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Perception (Skt. saṃjña; Tib. འདུ་ཤེས་, dushé, Wyl. ‘du shes) — one of the fifty-one mental states defined in Abhidharma literature. According to the Compendium of Abhidharma, it belongs to the subgroup of the five ever-present mental states. Also one of the five skandhas.


In the Khenjuk, Mipham Rinpoche says:

  • Tib. འདུ་ཤེས་ནི་མཚན་མར་འཛིན་པ།
  • Perception is apprehending characteristics (Rigpa Translations)
  • Perceptions consist of the grasping of distinguishing features (Erik Pema Kunsang)

Alternative Translations

  • Conception (David Karma Choepel[1])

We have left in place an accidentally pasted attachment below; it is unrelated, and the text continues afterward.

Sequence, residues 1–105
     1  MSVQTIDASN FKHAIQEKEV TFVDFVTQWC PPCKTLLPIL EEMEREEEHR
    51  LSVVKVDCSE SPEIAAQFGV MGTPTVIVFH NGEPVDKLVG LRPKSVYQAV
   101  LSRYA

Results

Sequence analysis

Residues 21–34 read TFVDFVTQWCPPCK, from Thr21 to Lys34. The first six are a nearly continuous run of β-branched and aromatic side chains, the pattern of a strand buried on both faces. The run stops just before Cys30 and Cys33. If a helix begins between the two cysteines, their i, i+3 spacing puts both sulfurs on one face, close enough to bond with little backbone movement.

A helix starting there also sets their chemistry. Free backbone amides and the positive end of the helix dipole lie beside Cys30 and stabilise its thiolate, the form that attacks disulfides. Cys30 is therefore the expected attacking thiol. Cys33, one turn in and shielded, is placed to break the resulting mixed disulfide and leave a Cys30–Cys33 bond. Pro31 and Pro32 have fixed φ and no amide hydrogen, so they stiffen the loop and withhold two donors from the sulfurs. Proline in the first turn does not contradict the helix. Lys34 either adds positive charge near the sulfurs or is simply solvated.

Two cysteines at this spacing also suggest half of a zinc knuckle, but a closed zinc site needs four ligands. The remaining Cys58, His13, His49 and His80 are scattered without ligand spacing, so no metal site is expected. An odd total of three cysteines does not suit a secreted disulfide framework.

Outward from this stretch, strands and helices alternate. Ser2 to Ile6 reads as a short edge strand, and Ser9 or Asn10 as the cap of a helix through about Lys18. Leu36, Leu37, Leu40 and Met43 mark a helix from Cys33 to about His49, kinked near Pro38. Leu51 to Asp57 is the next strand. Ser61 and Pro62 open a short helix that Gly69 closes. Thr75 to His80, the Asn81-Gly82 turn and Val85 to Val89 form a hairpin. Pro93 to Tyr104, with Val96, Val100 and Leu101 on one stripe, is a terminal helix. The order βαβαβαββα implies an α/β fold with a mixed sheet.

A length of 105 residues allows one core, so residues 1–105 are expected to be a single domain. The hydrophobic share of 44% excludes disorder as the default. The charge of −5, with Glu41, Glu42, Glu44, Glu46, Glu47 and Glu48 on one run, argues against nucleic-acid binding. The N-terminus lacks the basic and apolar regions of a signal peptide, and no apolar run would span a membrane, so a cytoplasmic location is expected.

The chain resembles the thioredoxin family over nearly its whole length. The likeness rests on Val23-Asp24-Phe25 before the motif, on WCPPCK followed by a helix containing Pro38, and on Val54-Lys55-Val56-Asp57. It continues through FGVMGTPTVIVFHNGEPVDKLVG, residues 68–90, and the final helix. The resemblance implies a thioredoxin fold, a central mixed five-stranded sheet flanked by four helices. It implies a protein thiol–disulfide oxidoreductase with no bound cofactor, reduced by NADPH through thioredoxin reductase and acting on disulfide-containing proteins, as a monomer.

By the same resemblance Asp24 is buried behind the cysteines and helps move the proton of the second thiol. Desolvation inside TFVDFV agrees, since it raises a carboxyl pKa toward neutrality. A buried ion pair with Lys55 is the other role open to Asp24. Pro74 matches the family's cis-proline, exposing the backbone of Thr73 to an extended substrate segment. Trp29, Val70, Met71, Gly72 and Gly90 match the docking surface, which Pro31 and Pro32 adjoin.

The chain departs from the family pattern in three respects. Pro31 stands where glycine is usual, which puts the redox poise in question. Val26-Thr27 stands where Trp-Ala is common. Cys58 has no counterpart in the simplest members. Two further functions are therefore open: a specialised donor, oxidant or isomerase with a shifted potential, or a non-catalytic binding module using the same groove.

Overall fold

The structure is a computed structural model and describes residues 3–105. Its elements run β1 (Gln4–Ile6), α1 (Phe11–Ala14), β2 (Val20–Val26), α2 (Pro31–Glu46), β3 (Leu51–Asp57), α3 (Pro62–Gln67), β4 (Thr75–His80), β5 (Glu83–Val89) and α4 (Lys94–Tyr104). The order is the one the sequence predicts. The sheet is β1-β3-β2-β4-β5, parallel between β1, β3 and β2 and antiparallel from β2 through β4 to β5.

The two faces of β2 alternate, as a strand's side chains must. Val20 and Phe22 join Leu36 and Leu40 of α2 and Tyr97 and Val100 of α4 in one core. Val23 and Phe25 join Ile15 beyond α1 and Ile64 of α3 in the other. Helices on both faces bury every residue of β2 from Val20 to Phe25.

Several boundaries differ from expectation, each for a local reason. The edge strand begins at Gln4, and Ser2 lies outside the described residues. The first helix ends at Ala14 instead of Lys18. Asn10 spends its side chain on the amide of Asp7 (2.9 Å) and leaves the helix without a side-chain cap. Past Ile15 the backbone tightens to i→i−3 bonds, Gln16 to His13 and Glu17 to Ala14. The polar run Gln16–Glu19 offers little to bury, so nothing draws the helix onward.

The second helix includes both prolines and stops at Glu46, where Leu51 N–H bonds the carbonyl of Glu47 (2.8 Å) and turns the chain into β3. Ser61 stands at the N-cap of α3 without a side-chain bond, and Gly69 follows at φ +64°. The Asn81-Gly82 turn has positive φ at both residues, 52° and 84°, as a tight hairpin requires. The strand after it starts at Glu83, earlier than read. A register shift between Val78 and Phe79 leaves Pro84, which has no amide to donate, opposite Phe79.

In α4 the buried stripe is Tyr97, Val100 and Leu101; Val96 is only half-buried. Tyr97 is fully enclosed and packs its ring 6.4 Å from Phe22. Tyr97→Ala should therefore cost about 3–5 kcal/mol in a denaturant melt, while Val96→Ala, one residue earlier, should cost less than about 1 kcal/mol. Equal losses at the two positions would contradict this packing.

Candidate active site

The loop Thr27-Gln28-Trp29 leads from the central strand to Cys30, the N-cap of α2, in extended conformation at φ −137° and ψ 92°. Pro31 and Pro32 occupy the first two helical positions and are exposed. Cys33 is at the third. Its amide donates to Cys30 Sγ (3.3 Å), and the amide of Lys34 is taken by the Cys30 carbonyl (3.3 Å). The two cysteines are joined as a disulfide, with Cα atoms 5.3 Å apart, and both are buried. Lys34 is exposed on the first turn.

• Cognition (Tony Duff)
  • Discernment or recognition (Berzin)
  • Identifications (Peter Alan Roberts)


  1. David Karma Choepel: 'du shes, samjna. This is commonly translated as perception, but that has several meanings in English and this aggregate refers to only one of them. The aggregate of feeling, part of the aggregate of formations, and the aggregate of consciousness are also perception, and so calling this aggregate perception is potentially confusing and misleading. What this aggregate refers to is the mental process of forming an idea about the object: it is like when one sees a vase and thinks “That is big” or “That is small.” Additionally, in other contexts the word ‘du shes matches the usage of the English words conception or idea.